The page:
Jump to content
66-96 Ford Broncos - Early & Full Size


  • Content Count

  • Joined

  • Last visited

Everything posted by Seabronc

  1. That is all contained in the turn switch. You need to pull the steering wheel to get at that portion you circled in red. You can get the part from http://www.lmctruck.com/icatalog/fd/full.aspx?Page=56
  2. If you are referring to the flashers, they are under the dash on the driver side.
  3. It is difficult to find a listing of Ford fusible links vs amperage rating. So here is what a manufacturer of fusible link wire has to say: http://www.madelectrical.com/catalog/fusible-link.shtml Based on their chart, I would run a 12GA automotive rated wire to replace the old one. As far as the link placement, I would use an inline fuse placed where you can easily get to it for replacement. You could play with the fuse size or place an amp meter in series with the circuit to determine what the actual current draw is when the window defroster is in operation and then add maybe 50% for the size of the fuse. I suspect that the current draw would be under 30 amps. If I was placing the fuse, I would put it down near the existing fuse block. I replaced the power distribution fusible links in my truck with fuses. http://www.supermotors.net/registry/212/66214
  4. OK, had this problem before. We will contact the Admin. Al, could you add this to the previous problem report about the discount?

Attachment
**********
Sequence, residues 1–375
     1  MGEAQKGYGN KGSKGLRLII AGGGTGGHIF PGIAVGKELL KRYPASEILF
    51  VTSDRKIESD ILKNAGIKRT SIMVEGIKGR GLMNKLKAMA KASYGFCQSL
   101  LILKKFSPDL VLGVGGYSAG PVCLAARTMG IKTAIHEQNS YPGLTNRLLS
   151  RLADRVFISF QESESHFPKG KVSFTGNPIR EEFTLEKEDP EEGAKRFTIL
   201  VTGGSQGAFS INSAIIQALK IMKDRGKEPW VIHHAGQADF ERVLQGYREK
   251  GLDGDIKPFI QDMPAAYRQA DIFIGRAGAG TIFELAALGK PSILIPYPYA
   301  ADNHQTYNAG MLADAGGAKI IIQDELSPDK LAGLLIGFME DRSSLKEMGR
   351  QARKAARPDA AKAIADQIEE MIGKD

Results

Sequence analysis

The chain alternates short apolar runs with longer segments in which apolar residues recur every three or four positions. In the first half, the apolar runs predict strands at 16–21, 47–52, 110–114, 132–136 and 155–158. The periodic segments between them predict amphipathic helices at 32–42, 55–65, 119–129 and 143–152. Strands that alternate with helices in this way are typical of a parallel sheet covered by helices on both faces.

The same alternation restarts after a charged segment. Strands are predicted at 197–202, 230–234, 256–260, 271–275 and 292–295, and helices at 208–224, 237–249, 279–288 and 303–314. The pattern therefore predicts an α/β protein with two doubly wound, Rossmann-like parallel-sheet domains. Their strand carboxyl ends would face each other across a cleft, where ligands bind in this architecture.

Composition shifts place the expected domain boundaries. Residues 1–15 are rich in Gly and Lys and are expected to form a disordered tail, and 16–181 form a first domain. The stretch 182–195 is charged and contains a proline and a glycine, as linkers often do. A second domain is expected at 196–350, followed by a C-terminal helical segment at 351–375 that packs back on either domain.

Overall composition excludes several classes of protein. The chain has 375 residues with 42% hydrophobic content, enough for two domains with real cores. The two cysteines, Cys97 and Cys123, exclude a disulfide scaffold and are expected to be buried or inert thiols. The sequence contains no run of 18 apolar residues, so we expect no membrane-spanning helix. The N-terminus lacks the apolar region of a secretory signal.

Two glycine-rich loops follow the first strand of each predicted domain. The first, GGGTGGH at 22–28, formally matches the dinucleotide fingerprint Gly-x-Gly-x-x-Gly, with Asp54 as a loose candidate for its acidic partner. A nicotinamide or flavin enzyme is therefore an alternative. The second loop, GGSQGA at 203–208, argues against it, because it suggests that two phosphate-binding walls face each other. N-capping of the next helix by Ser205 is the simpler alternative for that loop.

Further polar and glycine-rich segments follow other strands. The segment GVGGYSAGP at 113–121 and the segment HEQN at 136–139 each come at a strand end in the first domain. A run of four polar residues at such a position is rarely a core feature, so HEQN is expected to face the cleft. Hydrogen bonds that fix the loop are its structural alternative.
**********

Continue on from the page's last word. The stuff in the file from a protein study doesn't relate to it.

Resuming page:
5. The Duraspark III is part of the EEC system. Are you having any problems with it? That whole system was designed to meet California emission control laws and was installed in trucks that were destined for sale in California.
  6. What problems are you having? The EEC system was designed to meet the California requirements and I believe it is illegal to remove it from a road vehicle in that state.
  7. Dito the above. If you do need camber caster adjustment, you will need a set of these http://shop.broncograveyard.com/Adjustable-Alignment-Bushings-Pair-87-96-2wd/productinfo/33523/ , the stock bushing does not give a full range of adjustment.
  8. I believe the heavy duty suspension package was part of the towing package. It included dual front shocks, front sway bar and rear torsion bar.
  9. you might want to look here http://shop.broncograveyard.com/searchprods.asp . Jeff at the Bronco Graveyard has offered a 2% discount to members of The BroncoZone for on line orders. To get your discount, enter the discount code BZMEMBER.
  10. OK, I don't see the diagrams that use to be attached to this subject, got lost in cyber space I guess. So here are a few that may help you.
  11. The wires don't run under panels, they run along the frame under the truck. Key failure points are the connectors, and the cable between the rear door and the left tail light cavity. If worse came to worse replacement with three new auto grade 14 or12 gauge wires would not be too difficult. The reason for using 14 or 12 gauge is that it will keep the voltage drop to a minimum which will be better for the window motor. If you have sluggish operating window motors it is most likely caused by voltage drop caused by corroded connectors or wires that are mostly broken from flexing where they transition from the body to the door, a common problem in old wires.
  12. Caution when using Acetone: Acetone is a carcinogenic and immediately soaks into exposed skin. If you read the directions on a can of acetone it will warn of getting it in contact with bare skin. If using the home brew rust buster, you should use gloves. It always amazes me that women buy it in small bottles for nail polish remover but are not warned of the dangers of using it. Just saying !